Bike lanes help local businesses, study says
Published: February 4, 2014 08:06AM
Updated: February 3, 2014 09:27PM
Al Hartmann | The Salt Lake Tribune Bicyclist rides along Salt Lake City's separated bikeway along 300 East and 700 South. It's the first in the state. Mayor Ralph Becker, City Council representatives and Transportation Division officials will unveiled a pilot project providing a new and innovative type of separated bikeway where bicyclists ride next to the curb and are separated from moving traffic by parked cars in addition to the marked buffer. “This project represents the potential future of a family-friendly, separated bikeway network throughout downtown Salt Lake City,” said Mayor Becker. The three-block project is designed to provide a prototype for separated bikeways that could be constructed throughout downtown, making selected use of Salt Lake City’s unique wide streets to create a low-stress, family-friendly bikeway network.

In the course of reporting yesterday’s story on bike accidents I found a report with a surprising finding: dedicated bike lanes actually generate economic growth.

The report — produced for People For Bikes and the Alliance for Biking and Walking — found that protected bike lanes have an array of positive economic impacts on cities. They include:

• Fueling booming real estate markets

• Recruiting and retaining skilled workers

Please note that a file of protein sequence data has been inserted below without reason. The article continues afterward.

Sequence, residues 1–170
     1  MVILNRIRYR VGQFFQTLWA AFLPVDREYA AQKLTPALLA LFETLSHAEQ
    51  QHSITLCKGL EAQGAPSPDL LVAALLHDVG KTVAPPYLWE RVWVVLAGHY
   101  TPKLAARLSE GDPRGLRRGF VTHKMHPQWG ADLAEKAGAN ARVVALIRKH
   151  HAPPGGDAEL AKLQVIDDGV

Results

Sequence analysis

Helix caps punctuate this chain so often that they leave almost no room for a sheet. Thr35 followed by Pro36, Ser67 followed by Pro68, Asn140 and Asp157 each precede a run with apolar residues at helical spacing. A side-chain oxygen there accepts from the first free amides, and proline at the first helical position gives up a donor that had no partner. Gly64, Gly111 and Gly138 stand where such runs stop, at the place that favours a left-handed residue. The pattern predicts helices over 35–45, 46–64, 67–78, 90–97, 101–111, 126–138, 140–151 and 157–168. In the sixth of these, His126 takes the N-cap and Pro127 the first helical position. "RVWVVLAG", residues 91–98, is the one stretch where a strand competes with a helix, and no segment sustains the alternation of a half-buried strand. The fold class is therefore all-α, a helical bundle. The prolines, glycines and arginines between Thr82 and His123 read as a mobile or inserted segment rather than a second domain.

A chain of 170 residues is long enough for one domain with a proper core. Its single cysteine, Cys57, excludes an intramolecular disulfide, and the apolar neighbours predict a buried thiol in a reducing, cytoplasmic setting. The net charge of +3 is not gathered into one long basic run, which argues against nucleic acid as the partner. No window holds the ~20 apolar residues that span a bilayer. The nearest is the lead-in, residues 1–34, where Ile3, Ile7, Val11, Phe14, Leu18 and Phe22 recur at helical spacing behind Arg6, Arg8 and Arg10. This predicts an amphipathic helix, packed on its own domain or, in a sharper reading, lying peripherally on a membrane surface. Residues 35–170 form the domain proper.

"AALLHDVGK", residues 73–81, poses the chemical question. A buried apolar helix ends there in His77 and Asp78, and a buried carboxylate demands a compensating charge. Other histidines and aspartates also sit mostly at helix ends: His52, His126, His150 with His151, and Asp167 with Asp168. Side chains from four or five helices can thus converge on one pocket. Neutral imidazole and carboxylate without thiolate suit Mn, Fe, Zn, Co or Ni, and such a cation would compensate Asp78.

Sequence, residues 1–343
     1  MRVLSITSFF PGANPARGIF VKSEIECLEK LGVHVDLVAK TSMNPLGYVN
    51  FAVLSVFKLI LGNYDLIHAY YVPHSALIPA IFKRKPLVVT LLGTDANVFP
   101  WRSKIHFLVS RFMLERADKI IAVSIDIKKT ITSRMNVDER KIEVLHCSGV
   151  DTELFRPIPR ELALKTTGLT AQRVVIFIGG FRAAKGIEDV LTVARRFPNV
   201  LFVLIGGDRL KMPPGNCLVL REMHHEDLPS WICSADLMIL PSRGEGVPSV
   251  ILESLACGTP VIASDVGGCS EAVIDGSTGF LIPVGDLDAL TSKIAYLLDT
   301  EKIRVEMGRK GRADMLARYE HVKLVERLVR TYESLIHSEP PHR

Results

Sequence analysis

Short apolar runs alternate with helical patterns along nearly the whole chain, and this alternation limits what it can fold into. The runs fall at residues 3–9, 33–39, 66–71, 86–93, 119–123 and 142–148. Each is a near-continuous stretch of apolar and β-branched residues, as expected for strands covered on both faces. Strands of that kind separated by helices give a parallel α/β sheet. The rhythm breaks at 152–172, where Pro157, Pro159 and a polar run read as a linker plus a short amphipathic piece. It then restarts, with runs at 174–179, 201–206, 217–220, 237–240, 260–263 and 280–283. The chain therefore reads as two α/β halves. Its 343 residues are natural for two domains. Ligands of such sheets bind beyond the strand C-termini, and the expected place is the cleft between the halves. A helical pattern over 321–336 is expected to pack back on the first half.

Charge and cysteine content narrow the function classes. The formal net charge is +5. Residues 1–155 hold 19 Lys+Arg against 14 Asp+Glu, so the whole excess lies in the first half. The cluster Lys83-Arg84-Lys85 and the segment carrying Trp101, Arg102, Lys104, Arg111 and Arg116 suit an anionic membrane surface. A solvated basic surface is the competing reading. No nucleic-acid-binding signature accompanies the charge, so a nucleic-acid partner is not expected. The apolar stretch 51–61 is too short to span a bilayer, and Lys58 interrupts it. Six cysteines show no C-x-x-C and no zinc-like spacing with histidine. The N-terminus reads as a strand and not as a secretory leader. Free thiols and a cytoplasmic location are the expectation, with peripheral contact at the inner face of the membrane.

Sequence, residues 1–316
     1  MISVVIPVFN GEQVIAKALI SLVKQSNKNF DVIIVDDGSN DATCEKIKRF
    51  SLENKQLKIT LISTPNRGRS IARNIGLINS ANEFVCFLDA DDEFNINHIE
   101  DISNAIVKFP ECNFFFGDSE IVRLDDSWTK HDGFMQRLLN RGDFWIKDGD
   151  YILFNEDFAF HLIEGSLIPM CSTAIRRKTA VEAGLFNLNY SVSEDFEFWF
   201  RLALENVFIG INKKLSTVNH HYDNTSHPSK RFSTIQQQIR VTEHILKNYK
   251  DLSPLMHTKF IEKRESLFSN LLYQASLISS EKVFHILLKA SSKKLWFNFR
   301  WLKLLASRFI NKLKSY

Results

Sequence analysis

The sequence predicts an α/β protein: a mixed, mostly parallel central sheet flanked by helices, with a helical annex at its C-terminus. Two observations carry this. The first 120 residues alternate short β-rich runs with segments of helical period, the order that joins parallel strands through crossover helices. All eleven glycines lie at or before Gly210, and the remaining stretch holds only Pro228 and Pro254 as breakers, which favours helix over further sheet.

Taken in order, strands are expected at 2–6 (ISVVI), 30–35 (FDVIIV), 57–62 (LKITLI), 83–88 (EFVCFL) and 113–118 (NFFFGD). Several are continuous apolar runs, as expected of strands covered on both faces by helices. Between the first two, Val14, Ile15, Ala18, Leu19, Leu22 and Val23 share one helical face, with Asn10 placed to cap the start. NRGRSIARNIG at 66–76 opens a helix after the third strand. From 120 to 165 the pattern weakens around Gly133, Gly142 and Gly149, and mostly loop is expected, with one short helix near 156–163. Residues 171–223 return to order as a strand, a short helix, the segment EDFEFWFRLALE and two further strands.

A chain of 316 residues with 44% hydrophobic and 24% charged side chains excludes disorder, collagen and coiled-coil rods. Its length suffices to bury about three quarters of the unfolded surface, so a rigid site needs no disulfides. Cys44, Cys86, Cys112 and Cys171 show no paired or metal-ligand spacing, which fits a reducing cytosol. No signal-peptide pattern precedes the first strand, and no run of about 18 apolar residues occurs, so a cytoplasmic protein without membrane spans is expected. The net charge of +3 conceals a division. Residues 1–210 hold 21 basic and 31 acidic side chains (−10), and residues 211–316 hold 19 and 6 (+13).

• Producing healthier and more productive workers

• Increasing retail revenue in growing urban markets

Among other things, the report notes “that wide streets with fast-moving car traffic tend to depress property values, while buildings on streets with new bicycle facilities and pedestrian improvements have appreciated.”

Moreover, case studies cited by the report show properties increasing in value as the get closer and closer to bicycle trails.

The impact on retail revenue is even more interesting. In San Francisco, for example, 66 percent of merchants saw increased sales when the city replaced car lanes with bike lanes. In Portland and several other cities, bicyclists spent less per visit at local business but more over the course of the month because they visited more times.

The entire study is fascinating and includes a number of specific case studies from around the U.S. and else where.

— Jim Dalrymple II

Twitter: @jimmycdii